What’s your idea of a safe city? For many of us, the first things that come to mind are not having to worry about being mugged in the downtown or attacked on a bus, not being caught in the crossfire of a gang shootout, not being stabbed for our pocket change, and not having our homes firebombed by some mouthbreather who has the wrong address for his intended victim.
Those are certainly things that all of us want to avoid. But just how likely are they to happen?
Not very likely if you look at the statistics. The overwhelming majority of us are not going to be victims of a violent crime. However, there are many other things that present a clear and present danger to our health and well-being that do not get the attention they deserve.
First on my list are unlit and uncontrolled crosswalks that present an invitation to injury and death. At some point, all of us are going to have to cross some road or another. Without warning lights for signals to tell drivers we are going to do so, we are putting ourselves at risk.
Another, and less obvious risk to our health, are the sidewalks in the city that are in desperate need of repair. The risk they pose to all and sundry only increases in the winter. Many sidewalks have settled on an angle over time. This means that when snow melts, water pools on them. No matter how diligent we are at cleaning them, we cannot make water run uphill. With the freeze-and-thaw cycles at this time of year, that means there will always be ice to victimize the unwary.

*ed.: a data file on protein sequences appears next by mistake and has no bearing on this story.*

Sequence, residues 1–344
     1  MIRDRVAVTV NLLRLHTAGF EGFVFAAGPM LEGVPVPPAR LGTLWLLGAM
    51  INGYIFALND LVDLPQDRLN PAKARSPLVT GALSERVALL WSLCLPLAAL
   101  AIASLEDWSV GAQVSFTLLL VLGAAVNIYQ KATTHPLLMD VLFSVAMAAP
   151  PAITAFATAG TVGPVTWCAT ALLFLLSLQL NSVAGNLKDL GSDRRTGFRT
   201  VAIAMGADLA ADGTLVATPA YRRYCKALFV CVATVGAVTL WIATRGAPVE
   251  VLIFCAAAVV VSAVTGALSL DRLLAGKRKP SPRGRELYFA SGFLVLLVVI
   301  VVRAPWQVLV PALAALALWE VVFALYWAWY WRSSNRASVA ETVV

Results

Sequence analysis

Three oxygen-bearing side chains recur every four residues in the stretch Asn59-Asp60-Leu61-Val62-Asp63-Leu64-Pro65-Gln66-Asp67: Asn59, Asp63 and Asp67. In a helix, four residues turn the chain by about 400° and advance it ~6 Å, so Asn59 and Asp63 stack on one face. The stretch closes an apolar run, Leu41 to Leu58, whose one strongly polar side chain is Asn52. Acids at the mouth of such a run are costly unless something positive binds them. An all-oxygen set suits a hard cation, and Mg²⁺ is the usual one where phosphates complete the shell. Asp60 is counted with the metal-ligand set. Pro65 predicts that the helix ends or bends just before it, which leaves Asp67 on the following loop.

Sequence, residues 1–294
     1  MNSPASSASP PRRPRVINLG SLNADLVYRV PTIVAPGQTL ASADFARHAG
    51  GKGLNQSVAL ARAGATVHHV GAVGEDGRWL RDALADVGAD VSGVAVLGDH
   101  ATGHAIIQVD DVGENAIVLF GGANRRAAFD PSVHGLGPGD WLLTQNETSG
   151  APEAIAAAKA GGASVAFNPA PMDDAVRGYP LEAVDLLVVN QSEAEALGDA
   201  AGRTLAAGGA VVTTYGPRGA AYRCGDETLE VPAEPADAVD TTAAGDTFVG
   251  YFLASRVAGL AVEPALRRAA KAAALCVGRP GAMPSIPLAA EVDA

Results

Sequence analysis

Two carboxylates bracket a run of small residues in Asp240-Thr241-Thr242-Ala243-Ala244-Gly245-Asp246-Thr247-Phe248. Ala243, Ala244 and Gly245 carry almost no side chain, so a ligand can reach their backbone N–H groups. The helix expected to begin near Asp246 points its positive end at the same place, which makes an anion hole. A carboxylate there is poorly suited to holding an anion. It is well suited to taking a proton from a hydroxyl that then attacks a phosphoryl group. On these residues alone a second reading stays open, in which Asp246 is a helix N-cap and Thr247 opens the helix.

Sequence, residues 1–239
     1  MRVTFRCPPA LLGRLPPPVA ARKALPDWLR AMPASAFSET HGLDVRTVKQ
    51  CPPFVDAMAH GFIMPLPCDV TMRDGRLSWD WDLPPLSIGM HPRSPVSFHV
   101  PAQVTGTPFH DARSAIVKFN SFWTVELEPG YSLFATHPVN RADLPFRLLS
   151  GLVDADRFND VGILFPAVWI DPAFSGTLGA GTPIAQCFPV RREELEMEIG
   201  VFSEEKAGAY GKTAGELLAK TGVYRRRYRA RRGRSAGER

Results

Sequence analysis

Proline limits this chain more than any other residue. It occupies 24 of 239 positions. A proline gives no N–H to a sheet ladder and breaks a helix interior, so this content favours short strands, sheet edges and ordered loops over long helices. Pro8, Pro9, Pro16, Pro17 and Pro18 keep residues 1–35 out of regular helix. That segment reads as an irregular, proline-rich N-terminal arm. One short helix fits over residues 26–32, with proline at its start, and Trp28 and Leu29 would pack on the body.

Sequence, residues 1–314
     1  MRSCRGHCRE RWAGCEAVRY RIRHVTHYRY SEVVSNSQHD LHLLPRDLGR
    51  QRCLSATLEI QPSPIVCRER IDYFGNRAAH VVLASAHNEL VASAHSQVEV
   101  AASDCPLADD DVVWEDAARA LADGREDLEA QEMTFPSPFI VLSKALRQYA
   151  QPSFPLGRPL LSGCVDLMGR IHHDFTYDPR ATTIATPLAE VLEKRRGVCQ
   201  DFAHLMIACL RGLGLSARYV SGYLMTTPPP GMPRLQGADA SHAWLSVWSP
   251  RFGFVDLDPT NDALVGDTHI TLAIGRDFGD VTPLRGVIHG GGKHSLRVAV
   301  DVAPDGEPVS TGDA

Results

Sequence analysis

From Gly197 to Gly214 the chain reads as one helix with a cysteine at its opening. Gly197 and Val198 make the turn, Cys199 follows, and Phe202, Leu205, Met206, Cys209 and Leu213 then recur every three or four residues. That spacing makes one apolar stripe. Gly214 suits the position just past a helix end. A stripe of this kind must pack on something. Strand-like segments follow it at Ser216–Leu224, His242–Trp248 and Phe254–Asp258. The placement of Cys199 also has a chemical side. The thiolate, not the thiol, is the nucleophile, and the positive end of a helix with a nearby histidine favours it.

It’s one thing to take a tumble and bruise your tailbone when you are young. It’s quite another to take a fall when you are older and break a hip bone. We certainly want our older citizens to feel comfortable and safe in the city they have helped build. But they can’t do that if something as simple as a sidewalk poses a threat to them.
The reason for not repairing our sidewalks, installing traffic lights and so on is always a lack of money. Yet we can find millions of dollars to support the Indy and make an Expo bid.
It would seem to me that we have our priorities wrong.
– Terence Harding is a corporate communicator. He’s a keen observer of all things Edmonton; firstname.lastname@example.org.